Organizing your finances after your spouse has died

Losing a spouse is a sorrowful and stressful transition. And the added pressure of having to settle the estate and organize finances can be overwhelming. That’s why we recommend Everplans, a secure digital archive and tool for estate planning and organization. To learn more about Everplans, and how you can get a complimentary subscription, click here.

In addition, you can follow the tips below to make dealing with these matters less difficult.

Notify others

When your spouse dies, your first step should be to contact anyone who is close to you and your spouse, and anyone who may help you with funeral preparations. Next, you should contact your attorney and other financial professionals. You’ll also want to contact life insurance companies, government agencies and your spouse’s employer for information on how you can file for benefits.

Get advice

Getting expert advice when you need it is essential. An attorney can help you go over your spouse’s will and begin estate settlement procedures. Your funeral director can also be an excellent source of information and may help you obtain copies of the death certificate and applications for Social Security and veterans benefits. Your life insurance agent can assist you with the claims process, or you can contact the company’s policyholder service department directly. You may also wish to consult with a financial professional, accountant, or tax advisor to help you organize your finances.

Locate important documents and financial records

Before you can begin to settle your spouse’s estate or apply for insurance proceeds or government benefits, you’ll need to locate important documents and financial records (e.g., birth certificates, marriage certificates, life insurance policies). Keep in mind that you may need to obtain certified copies of certain documents. For example, you’ll need a certified copy of your spouse’s death certificate to apply for life insurance proceeds. And to apply for Social Security benefits, you’ll need to provide birth, marriage, and death certificates.

Set up a phone and mail system

During this stressful time, you probably have a lot on your mind. To help you keep track of certain tasks and details, set up a phone and mail system to record incoming and outgoing calls and mail. For phone calls, keep a sheet of paper or notebook by the phone and write down the date of the call, the caller’s name, and a description of what you talked about. For mail, write down whom the mail came from, the date you received it, and, if you sent a response, the date it was sent. Also, if you don’t already have one, make a list of the names and phone numbers of organizations and people you might need to contact, and post it near your phone. For example, the list may include the phone numbers of your attorney, insurance agent, financial professionals, and friends – all of whom you can contact for advice.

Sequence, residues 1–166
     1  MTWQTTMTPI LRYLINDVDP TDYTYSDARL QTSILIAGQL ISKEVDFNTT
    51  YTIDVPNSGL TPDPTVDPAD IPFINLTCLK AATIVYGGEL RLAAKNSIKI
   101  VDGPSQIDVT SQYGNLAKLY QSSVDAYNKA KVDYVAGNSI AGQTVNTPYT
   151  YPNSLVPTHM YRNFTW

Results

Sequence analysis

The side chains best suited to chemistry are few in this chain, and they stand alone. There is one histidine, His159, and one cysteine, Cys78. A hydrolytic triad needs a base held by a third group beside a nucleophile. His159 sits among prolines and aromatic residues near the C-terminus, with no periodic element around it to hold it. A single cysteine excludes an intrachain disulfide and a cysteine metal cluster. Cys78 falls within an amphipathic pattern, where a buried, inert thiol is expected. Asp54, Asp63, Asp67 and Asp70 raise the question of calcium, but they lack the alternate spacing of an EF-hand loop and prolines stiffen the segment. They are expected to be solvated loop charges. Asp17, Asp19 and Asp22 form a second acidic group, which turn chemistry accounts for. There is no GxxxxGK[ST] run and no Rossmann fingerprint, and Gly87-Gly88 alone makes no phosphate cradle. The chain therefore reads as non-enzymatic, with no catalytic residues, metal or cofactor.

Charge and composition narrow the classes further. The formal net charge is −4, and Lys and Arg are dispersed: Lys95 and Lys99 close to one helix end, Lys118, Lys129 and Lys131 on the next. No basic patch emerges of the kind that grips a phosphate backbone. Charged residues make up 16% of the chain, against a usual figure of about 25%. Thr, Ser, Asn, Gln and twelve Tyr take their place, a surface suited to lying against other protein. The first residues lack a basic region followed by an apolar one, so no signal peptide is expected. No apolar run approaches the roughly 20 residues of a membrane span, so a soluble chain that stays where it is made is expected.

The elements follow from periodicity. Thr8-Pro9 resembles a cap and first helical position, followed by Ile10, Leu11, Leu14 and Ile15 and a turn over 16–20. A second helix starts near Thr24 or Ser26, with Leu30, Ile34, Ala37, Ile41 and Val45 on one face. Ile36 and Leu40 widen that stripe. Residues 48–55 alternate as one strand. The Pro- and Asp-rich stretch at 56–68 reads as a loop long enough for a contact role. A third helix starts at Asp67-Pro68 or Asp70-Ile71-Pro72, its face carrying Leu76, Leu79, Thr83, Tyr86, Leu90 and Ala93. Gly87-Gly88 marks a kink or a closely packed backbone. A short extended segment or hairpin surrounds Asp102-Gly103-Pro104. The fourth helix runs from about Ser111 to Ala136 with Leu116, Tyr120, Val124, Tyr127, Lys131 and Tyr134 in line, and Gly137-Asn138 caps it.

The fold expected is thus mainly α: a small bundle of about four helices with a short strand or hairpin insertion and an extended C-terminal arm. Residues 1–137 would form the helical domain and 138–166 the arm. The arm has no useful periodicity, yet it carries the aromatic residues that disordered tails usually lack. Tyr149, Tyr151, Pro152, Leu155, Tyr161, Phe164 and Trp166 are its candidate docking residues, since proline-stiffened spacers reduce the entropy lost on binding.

Evaluate short-term income and expenses

When your spouse dies, you may have some immediate expenses to take care of, such as funeral costs and any outstanding debts that your spouse may have incurred (e.g., credit cards, car loan). Even if you are expecting money from an insurance or estate settlement, you may lack the funds to pay for those expenses right away. If that is the case, don’t panic – you have several options. If your spouse had a life insurance policy that named you as the beneficiary, you may be able to get the life insurance proceeds within a few days after you file. And you can always ask the insurance company if they’ll give you an advance. In the meantime, you can use credit cards for certain expenses. Or, if you need the cash, you can take out a cash advance against a credit card. Also, you can try to negotiate with creditors to allow you to postpone payment of certain debts for 30 days or more, if necessary.

Avoid hasty decisions
  • Don’t think about moving from your current home until you can make a decision based on reason rather than emotion.
  • Don’t spend money impulsively. When you’re grieving, you may be especially vulnerable to pressure from salespeople.
  • Don’t cave in to pressure to sell or give away your spouse’s possessions. Wait until you can make clear-headed decisions.
  • Don’t give or loan money to others without reviewing your finances first, taking into account your present and future needs and obligations.

Important Disclosures
*Past performance is not an indicator of future results. This material is not financial advice or an offer to sell any product. The statements contained herein are solely based upon the opinions of Elevage Partners, LLC (“Elevage”). Elevage is a registered investment adviser. More information about the firm can be found in its Form ADV Part 2, which may be requested by calling (877) 922-8243 or visiting http://www.adviserinfo.sec.gov. The information contained herein is derived from sources we believe to be reliable, but which we have not independently verified. Elevage assumes no responsibility for errors, inaccuracies or omissions in this information. Elevage reserves the right to modify its current investment strategies and techniques based on changing market dynamics or client needs. The information provided in this report should not be considered a recommendation to purchase or sell any particular security. There is no assurance that any securities discussed herein will remain in an account’s portfolio at the time you receive. It should not be assumed that any of the securities transactions, holdings or sectors discussed were, or will prove to be profitable, or that the investment recommendations or decisions Elevage makes in the future will be profitable or will equal the investment performance of the securities discussed herein.ELV-17-02

Leave a Comment